The mining magnate now holds 19 per cent of all the shares in Fairfax – the Australian media organisation which owns the country’s most respected newspapers the Sydney Morning Herald, The Age (Melbourne) and the Australian Financial Review.
Rinehart has been increasingly vocal in her opposition to taxes on mining and the Labor Government’s carbon price legislation, while backing and promoting climate science doubt mongerers – even going as far as to appoint one to the board of two of her companies.
Beyond the publicly-funded ABC, in Australia Fairfax provides the only mainstream centre-left balance to much of the anti-environmental, climate sceptic rhetoric offered by the columnists in the Rupert Murdoch-owned News Ltd papers.
IMAGINE coming in to work and opening your inbox to read an email asking you to “kill yourself” before another note reads “I hope someone puts a bullet between your eyes”.
How about another email where the sender describes themselves as a “one man swat team” telling you to “back the FUck off” or they will “smack the living shit out of you”.
Another emailer says “I’d kill you in a second if given the chance” and another writes that you have been “blacklisted” and that “your children and family will know because we know where you live… expect us at your door to say hello.”
This is not an imaginary scenario, but is instead a sample from the inbox of climate scientist Professor Phil Jones, of the University of East Anglia in the UK, as revealed following a Freedom of Information request realised yesterday.
Professor Jones wasn’t alone in the halls of the university. The FOI reveals how a presumably US-based emailer warned that if Prof Acton, the university’s vice-chancellor, was to ever travel to America that “we will have plans for you as well. If you bring your family, all the merrier.”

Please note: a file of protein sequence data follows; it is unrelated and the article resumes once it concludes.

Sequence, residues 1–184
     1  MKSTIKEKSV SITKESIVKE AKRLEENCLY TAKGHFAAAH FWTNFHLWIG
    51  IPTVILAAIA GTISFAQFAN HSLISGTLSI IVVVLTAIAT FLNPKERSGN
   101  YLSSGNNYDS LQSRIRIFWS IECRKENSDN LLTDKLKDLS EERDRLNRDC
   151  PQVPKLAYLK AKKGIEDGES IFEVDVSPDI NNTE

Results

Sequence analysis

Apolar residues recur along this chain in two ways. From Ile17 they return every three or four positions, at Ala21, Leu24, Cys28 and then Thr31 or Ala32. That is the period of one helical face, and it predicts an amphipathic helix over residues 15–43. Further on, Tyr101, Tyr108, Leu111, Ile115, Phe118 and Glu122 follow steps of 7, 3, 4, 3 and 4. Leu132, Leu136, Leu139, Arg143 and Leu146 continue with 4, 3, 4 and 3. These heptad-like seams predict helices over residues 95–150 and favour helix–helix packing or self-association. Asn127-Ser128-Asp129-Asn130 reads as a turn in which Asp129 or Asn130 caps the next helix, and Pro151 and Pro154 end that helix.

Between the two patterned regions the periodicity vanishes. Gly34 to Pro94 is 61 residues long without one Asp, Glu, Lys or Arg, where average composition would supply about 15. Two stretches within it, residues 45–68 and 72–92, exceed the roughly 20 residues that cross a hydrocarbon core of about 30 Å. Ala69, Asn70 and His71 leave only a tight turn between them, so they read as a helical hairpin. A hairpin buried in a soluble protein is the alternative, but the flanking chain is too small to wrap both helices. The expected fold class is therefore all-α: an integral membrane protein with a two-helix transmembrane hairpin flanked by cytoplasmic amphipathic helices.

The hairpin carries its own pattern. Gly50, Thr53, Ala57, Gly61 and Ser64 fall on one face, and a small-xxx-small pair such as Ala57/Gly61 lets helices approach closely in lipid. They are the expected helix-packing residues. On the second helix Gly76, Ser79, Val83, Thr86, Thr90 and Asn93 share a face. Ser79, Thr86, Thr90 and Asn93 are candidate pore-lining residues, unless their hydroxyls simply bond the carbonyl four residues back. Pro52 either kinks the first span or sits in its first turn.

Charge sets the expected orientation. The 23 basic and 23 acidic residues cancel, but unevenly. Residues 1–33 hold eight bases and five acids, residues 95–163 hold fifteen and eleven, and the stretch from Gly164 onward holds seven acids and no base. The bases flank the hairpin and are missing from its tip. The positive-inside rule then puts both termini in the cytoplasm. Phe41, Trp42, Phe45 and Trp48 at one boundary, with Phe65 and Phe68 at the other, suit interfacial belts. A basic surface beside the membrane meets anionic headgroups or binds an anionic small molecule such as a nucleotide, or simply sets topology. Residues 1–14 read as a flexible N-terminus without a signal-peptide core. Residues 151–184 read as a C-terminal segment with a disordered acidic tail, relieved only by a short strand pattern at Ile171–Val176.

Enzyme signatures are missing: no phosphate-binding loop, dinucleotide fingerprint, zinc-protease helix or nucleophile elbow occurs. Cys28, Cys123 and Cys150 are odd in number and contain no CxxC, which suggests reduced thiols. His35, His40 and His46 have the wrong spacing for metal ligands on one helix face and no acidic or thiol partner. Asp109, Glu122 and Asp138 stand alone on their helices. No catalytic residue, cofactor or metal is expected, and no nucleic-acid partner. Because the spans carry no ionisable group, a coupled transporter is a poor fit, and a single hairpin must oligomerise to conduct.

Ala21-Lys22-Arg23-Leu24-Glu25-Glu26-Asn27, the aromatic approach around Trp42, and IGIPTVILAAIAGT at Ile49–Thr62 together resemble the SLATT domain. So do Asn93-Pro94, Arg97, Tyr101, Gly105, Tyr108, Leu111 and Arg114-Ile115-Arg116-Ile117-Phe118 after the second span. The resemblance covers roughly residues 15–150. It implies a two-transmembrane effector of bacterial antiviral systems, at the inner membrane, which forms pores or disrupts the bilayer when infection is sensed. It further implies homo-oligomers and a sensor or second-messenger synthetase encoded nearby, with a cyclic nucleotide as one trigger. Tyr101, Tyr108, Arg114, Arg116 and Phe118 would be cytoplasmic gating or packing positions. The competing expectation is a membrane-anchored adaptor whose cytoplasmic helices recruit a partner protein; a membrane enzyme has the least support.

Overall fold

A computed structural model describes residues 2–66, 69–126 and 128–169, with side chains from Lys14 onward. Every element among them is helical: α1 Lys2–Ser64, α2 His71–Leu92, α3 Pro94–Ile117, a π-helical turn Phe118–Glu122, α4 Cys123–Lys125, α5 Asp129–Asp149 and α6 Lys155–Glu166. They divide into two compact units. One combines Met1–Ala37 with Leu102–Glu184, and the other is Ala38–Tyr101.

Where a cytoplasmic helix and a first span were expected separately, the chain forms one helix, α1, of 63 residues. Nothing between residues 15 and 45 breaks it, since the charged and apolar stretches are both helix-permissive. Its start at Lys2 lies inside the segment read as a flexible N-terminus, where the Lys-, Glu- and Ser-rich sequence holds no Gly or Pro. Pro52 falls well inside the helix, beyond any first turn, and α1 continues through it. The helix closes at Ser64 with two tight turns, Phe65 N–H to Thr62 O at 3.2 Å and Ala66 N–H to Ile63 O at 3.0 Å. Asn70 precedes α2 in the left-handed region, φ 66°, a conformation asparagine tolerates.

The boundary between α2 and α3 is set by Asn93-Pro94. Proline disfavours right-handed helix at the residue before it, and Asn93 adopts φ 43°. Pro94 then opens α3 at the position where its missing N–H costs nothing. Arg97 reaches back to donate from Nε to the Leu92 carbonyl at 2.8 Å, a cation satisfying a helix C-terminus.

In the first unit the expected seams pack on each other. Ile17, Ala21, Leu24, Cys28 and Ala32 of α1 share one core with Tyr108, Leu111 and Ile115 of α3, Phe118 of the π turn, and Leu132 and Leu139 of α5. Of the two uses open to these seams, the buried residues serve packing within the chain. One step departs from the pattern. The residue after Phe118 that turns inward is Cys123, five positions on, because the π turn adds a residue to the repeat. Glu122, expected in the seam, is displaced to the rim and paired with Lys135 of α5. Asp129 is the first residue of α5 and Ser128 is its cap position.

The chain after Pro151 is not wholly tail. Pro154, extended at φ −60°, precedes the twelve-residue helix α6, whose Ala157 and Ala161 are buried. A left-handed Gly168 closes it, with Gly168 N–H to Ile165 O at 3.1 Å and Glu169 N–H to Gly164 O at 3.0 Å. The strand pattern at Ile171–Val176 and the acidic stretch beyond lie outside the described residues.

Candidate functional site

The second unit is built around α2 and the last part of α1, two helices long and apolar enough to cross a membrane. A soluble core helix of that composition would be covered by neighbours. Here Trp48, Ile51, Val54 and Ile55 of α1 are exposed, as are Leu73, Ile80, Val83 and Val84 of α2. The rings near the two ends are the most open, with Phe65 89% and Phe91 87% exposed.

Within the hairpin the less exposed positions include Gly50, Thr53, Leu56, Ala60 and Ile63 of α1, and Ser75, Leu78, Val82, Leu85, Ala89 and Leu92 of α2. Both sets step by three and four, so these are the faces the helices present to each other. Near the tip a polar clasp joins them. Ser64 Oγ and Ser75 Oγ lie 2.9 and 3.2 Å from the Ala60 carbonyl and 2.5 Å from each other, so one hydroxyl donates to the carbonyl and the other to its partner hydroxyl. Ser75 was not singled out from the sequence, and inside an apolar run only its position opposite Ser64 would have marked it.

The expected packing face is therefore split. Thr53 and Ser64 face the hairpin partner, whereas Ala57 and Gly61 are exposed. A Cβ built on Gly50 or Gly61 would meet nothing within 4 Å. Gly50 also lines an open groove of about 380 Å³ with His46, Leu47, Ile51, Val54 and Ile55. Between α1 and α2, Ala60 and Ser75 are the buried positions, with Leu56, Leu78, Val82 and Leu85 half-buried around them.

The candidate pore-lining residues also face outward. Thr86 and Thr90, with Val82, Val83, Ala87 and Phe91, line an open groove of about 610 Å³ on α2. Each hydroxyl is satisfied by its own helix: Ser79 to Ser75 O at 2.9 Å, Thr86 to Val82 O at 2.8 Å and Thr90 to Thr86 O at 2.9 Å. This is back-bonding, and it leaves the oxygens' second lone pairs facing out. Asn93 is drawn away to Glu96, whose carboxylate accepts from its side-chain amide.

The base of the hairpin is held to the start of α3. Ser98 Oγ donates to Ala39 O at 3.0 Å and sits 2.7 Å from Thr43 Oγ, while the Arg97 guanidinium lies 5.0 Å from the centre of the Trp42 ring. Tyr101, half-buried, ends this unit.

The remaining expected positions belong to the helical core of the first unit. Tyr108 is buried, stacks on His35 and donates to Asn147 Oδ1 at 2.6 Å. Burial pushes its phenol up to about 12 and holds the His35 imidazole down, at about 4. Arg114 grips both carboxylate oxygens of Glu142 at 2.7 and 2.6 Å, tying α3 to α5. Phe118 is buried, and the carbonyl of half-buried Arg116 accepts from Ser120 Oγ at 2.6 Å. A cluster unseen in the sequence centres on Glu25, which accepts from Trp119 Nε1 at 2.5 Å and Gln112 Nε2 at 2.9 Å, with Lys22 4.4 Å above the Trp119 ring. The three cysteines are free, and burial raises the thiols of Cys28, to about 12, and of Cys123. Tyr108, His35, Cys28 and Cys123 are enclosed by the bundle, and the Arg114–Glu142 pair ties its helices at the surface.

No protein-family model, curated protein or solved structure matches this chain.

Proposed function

Remarkably, these examples (the full release is here on a pdf) are not the worst, nor are they the nastiest. What’s more, they provide an insight – whether we want it or not – of the campaign against Professor Jones which at one point, caused him to consider suicide in the wake of the non-scandal that was Climategate.
The climate sceptic blog Bishop Hill was equally disgusted at the most recent release of emails, suggesting that “there are several messages in there that seem to me to be criminal”.
In the pages of The Australian newspaper, commentators and journalists have editorialised this issue to suggest the threats are overblown.
In one recent story, the newspaper’s editor-in-chief Chris Mitchell even went as far as to claim that he, too, had received death threats about climate change. “These climate scientists need to harden up,” he told one of his own reporters, who presumably didn’t ask his boss for any evidence.
But even if Chris Mitchell has received abuse over his newspaper’s warped coverage of climate science, the point is that climate scientists such as Phil Jones are not editors of newspapers. They are scientists. Chris Mitchell chose to be part of the public discourse and is engaged in it daily. Professor Phil Jones didn’t.
What is now clear is that climate scientists around the world are being subjected to a vicious and hate-filled campaign of intimidation. These are individuals who have chosen to devote their lives to enabling the world to understand how the planet works and the risks of artificially changing the composition of its atmosphere and oceans.
The focus of journalists and commentators so far has been on the content of the emails and on the scientists on the receiving end.
The situation mirrors that of “climategate” where almost three years of police investigations have so far failed to reveal who orchestrated the unlawful hacking and release of University of East Anglia emails.
Yet while we know the names of the some of the scientists being targeted and harassed, we are always spared the identities of those who are responsible for compiling the hate and then clicking the “send” button.
Isn’t it now time the nature of the inquiry turned to the campaign’s perpetrators, rather than the victims?
UPDATE: A version of this blog has been posted on DeSmogBlog, with some added detail.
CAREFULLY plucked like dew-covered orchids from the garden of YouTube, I hereby present the ten funniest videos about climate change which have ever been made, ever, by anyone, anywhere, ever – or at least of those I’ve seen. Which isn’t many.
But anyway, I should say there’s swearing and stuff, so best turn the sound down. I think the phrase is “Not Suitable For Work” which generally means it’s suitable for sharing at work.
1. Worrying research from the coal lobby. Wind turbines could blow the earth off its orbit. The Onion discusses.